Thursday, October 02, 2008

When 'database' becomes 'storytelling'

Poynter Institute's Chip Scanlan discusses database reporting on last month's commuter train disaster.
The newspaper's Web team used a rapidly developed online database to let readers learn about casualties as they were identified. Says Chip:
"I was struck by how quickly the crash victims database appeared and impressed by the interactive demographics that let me learn information about each victim by the field of my choice. It turns out, as I learned from e-mail interviews with Times staffers involved in the project, there's an interesting tale of best practices behind this deadline database."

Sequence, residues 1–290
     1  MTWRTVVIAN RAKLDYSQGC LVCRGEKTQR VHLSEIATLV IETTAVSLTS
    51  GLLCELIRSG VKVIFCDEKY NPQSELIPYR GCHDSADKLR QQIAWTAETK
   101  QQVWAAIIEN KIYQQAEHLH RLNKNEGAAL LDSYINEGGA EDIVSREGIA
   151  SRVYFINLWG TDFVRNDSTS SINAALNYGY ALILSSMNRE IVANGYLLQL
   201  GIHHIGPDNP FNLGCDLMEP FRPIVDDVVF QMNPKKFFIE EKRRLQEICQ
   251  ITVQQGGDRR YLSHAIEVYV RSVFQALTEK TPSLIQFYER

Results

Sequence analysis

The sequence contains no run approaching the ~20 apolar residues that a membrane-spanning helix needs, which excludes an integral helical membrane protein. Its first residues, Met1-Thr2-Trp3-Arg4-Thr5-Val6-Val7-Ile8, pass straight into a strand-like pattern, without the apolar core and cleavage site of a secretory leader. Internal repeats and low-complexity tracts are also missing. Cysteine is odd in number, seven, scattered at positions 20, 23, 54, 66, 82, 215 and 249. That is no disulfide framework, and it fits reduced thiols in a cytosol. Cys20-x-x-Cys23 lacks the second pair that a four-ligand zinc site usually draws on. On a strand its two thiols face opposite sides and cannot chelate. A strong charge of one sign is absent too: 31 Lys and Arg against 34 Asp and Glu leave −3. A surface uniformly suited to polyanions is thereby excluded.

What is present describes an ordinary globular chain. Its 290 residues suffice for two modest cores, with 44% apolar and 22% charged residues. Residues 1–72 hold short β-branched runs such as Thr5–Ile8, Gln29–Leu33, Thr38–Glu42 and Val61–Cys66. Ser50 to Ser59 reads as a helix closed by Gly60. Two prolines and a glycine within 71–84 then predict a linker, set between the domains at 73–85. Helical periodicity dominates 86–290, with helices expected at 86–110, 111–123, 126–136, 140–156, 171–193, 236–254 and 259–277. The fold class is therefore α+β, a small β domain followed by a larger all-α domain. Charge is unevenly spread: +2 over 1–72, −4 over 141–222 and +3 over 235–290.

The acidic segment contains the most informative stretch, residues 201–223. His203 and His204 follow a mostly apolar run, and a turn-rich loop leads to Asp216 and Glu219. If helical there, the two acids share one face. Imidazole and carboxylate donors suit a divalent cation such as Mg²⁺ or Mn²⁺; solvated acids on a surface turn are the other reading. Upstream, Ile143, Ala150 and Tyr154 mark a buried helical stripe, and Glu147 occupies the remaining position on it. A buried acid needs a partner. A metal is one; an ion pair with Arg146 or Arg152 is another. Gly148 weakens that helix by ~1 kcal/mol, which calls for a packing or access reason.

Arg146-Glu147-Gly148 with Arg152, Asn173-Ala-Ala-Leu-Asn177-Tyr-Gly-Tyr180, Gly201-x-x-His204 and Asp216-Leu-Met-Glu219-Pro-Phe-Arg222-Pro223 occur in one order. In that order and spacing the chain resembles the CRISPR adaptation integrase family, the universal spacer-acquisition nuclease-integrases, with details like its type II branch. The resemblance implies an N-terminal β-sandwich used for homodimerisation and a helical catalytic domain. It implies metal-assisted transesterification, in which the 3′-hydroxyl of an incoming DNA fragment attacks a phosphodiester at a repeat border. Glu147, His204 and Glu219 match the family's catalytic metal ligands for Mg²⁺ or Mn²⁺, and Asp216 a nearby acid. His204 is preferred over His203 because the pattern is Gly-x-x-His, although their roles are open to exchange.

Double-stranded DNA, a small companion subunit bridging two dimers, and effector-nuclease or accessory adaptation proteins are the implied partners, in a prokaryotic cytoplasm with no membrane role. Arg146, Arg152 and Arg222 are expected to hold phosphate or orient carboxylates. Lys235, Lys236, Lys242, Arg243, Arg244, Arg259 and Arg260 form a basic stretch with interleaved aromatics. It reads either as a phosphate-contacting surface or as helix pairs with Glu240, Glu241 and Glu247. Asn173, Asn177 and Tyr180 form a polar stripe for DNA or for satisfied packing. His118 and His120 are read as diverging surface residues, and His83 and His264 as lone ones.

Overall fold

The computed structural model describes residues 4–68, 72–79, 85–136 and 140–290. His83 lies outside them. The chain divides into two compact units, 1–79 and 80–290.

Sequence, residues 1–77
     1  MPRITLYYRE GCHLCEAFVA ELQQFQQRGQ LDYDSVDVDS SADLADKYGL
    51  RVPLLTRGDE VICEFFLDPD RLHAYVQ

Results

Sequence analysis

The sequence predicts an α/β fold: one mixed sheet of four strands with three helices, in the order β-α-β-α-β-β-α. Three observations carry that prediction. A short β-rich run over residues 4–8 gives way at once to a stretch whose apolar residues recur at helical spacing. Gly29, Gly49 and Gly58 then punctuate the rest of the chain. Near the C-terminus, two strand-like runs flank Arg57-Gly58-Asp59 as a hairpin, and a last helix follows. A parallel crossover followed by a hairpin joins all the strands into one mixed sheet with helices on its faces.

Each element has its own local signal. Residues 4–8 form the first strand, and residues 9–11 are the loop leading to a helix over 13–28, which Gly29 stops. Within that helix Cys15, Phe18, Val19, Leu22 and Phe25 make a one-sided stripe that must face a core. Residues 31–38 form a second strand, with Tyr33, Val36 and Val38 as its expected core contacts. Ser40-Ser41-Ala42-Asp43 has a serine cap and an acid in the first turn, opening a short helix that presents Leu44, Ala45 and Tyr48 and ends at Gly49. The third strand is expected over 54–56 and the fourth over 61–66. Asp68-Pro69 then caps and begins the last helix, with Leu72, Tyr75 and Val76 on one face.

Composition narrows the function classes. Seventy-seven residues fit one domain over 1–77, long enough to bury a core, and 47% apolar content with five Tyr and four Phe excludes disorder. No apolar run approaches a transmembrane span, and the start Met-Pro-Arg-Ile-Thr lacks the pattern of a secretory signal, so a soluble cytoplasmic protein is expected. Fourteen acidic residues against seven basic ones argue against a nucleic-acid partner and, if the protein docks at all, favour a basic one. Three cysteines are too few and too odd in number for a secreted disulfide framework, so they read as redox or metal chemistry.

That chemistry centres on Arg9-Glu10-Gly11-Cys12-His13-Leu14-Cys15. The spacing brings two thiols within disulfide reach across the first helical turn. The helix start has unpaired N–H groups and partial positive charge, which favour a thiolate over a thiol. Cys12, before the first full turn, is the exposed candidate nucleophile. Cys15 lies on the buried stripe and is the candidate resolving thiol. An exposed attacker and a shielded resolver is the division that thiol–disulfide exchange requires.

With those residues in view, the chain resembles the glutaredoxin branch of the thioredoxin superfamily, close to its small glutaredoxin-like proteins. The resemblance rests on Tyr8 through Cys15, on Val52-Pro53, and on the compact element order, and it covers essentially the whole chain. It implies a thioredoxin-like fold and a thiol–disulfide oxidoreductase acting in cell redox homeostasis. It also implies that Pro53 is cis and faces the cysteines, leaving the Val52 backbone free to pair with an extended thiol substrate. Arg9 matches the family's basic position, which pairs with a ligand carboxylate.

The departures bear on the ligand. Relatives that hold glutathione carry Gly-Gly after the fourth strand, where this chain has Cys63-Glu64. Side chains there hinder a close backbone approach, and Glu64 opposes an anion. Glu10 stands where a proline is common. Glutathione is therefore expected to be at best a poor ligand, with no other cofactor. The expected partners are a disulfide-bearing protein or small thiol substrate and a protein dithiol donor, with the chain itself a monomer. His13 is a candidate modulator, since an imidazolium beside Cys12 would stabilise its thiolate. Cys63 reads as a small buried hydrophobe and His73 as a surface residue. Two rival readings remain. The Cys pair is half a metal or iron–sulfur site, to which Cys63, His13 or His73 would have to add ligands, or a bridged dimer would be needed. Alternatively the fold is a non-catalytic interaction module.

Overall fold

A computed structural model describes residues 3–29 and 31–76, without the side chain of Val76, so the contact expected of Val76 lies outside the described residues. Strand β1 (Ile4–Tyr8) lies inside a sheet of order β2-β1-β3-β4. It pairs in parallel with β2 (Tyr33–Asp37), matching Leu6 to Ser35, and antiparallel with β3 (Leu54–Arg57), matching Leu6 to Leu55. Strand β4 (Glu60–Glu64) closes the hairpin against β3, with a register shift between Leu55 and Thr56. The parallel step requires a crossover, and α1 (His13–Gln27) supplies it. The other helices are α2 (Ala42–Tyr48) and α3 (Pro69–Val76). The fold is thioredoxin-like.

Scanlan interviewed Megan Garvey, the site's morning Metro assignment editor, and others at the paper to describe reporters and programmers working together.

Some of the job titles reflect the new world of online journalism -- "interactive technology editor" and "database producer."

Here's the story itself:

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